This is “Looking UP! in southern Colorado,” from the Colorado Springs Astronomical Society. I’m Hal Bidlack, and there are lots of reasons to look up in the night sky!
The brighter something, the easier it is to see. And while there are lots and lots of great things to look at that are fairly dim, today let’s talk about one of the brightest things you can see in the night sky right now – the planet Venus! Look for Venus shining brilliantly low in the western sky about a half hour after sunset. Colorado Springs listeners will see Venus soaring over Pikes Peak. You can’t miss it – it will be the brightest thing up there.
Venus is the third brightest thing in the sky, after the Sun and the Moon. Venus orbits second out from the Sun, after the planet Mercury. Because Venus orbits closer to the Sun than the Earth, when you look at it through a telescope it goes through phases, just like our moon does, as it orbits the sun.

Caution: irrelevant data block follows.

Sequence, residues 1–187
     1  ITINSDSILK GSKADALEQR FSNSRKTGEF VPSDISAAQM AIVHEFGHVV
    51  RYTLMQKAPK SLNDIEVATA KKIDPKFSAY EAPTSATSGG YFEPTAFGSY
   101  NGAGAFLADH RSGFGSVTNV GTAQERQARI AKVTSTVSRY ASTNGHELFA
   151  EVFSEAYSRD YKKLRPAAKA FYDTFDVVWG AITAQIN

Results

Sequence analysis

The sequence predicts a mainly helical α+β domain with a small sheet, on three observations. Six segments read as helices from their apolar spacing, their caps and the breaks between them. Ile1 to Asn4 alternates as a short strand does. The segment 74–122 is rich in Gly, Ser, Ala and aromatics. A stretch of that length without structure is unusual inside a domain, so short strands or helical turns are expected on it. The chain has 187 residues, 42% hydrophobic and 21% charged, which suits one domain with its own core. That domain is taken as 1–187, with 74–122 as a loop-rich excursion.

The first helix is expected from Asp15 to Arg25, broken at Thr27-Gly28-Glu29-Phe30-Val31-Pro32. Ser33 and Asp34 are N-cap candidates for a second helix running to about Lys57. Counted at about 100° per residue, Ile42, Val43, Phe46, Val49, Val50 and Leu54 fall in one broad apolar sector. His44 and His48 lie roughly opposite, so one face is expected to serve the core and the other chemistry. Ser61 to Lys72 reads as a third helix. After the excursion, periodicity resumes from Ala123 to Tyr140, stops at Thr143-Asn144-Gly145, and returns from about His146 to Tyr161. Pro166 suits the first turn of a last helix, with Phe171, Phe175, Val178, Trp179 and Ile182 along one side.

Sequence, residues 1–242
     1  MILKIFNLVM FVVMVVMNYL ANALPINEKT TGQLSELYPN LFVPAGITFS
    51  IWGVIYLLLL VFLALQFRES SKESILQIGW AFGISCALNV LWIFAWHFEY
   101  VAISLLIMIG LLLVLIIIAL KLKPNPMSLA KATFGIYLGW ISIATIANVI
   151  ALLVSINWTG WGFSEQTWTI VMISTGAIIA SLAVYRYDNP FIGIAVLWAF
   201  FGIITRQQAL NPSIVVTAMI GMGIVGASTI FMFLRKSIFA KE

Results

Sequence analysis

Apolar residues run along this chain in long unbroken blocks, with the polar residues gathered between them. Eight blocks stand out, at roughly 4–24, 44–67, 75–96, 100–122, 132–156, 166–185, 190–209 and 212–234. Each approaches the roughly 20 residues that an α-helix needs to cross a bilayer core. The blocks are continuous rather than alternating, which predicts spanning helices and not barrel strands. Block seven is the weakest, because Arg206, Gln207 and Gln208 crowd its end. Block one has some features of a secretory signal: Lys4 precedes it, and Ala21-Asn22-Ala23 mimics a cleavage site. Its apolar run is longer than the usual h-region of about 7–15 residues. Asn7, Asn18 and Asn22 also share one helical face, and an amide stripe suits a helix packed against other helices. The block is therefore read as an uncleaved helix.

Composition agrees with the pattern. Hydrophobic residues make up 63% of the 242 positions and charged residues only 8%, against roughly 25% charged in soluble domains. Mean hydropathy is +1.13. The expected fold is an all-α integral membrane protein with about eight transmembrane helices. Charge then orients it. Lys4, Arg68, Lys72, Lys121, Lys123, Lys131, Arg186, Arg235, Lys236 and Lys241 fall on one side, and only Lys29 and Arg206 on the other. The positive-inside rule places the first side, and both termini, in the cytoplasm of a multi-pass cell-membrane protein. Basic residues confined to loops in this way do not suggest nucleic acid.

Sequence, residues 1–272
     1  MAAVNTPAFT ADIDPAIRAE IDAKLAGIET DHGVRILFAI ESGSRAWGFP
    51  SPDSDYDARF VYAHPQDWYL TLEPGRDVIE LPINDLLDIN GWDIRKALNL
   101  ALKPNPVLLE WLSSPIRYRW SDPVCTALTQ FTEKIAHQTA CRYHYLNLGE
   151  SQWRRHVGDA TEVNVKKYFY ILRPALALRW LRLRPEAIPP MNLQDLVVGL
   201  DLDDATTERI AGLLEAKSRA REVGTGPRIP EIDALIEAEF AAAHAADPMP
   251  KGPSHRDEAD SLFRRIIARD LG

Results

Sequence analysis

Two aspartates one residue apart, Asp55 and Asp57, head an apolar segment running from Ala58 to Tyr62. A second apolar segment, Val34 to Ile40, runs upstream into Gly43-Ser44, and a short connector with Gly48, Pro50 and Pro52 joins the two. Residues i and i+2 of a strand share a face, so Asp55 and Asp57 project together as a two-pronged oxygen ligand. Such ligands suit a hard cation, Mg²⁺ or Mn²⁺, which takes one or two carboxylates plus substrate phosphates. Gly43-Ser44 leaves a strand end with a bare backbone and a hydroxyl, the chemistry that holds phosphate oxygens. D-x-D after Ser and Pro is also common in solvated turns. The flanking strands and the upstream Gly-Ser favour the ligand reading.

Venus is sometimes called Earth’s twin, because they are nearly the same size and mass. But living on Venus would be most unpleasant. Somehow, Venus got turned upside-down and rotates backwards, with the sun rising in the west and setting in the east. While we have 24 hour days on Earth, a day on Venus lasts 243 Earth days. Which makes for a long work week. Venus is covered in a thick atmosphere of carbon dioxide with bright white clouds of sulfuric acid. A planet with a day that never seems to end and where rains acid would be bad enough, but in part because Venus’s atmosphere is over 90 times thicker than the Earth’s, the Sun’s energy is trapped in a runaway Greenhouse effect. The surface temperature can reach nearly 900 degrees Fahrenheit, hot enough to melt lead. To give you a comparison, the spacecraft that landed on Mars lasted for years, but the handful of armored spacecraft that landed on Venus were all destroyed within two hours.
So if you tried to take a walk on Venus, the dense atmosphere would crush you, the heat would bake you, and then acid would rain down on you. Hardly Earth’s twin!
If you’d like to see Venus, or any of the other wonderful and amazing things in the sky, please visit KRCC.org for a link information on our free public star parties!
This is Hal Bidlack for the Colorado Springs Astronomical Society, telling you to keep looking up, Southern Colorado!